Friday Activist: Yvonne Phyllis encourages people to ‘own their own struggles’
Yvonne Phyllis, co-director of operations at The Forge, is using her life experiences and academic background to bring a cross-section of society together to tackle issues such as land reform. ‘People need to own their own struggles,’ she says.
Yvonne Phyllis (35) is the co-director of operations at The Forge, a mixed-use space that has at its heart the principles of community and furthering activism through connecting ordinary people, civil society movements and progressive academics.
Phyllis was born to farmworker parents and lived on Elizabeth Farm in Bedford, Eastern Cape, with her paternal grandparents and other family members until her father decided that they needed to move out and find their own house outside of the farm.
However, Phyllis says that her father, who had been a farmworker all his life, could not keep up with the financial implications of life outside the farm, which led them to subsequently move into her uncle’s home.
Phyllis used to walk 20km to Bedford primary school, where Xhosa was the medium of instruction, and says she did well there. However, when she moved, in Grade 5, to an English-medium school she struggled.
She developed anxiety because she did not speak or understand English, a battle that caused her to fail Grade 5. However, she persevered and by the time she graduated matric was top of her class.
She completed her undergraduate and master’s degrees in political and international studies at Rhodes University, where she continued to battle with anxiety over the academic course. She found not only the physical and cultural environment alien but also struggled with the language used in lectures and textbooks.
“I found it a difficult space to belong in. When you grow up on a farm it’s a very isolating experience. I didn’t have much experience with friendships, but also I had a very bad relationship with education even though I did really well. But because of my experience of failing in school, every time I have to start something I feel like I’m starting on the back foot.”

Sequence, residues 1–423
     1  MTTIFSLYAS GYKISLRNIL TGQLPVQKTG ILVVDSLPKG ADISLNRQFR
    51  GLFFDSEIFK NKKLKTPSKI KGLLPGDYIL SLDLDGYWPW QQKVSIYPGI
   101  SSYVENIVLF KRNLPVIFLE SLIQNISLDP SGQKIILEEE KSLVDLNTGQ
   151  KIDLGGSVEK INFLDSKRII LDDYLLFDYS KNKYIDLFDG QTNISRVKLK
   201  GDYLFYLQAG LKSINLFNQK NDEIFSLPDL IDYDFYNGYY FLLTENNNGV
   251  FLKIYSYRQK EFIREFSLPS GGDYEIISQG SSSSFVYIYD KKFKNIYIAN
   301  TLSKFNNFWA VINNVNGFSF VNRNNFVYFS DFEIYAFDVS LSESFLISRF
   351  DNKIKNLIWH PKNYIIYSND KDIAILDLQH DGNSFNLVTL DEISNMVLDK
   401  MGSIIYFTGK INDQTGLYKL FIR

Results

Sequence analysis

After completing her master’s degree, Phyllis became a lecturer in comparative politics at Rhodes. However, she often wondered how what was being taught connected with ordinary people and their day-to-day lives.
Looking back on her days at Rhodes, Phyllis says she found herself thinking: “None of what I studied and none of what I’m teaching is my life or what I’ve experienced in my life.
“I said, there’s got to be a place where I can think, theorise and write about my own experiences in a meaningful way. I used to think, I wonder if someone that I’m teaching in my class, who was from Xolobeni for instance, is finding any kind of relation with anything that I’m teaching.
“Part of my other frustration was that there was very little that taught of how people were living and struggling together in the world. I always yearned for that. So I knew I had to do something more.”
Acting on her restlessness, in 2019 she applied for the position of co-director at The Forge, which at the time was still being set up in bustling Braamfontein, Johannesburg.
It’s described as “a space for the expression and discussion of ideas, for new encounters, and for the development of solidarities that embrace not only socially authorised intellectuals but also intellectuals in progressive popular organisations. These organisations include – as both protagonists and audiences – trade unions, social movements, community organisations, women’s organisations, student organisations, artistic and cultural workers, migrant groups, LGBTQI groups, the media and the historically censored, erased and maligned in general.”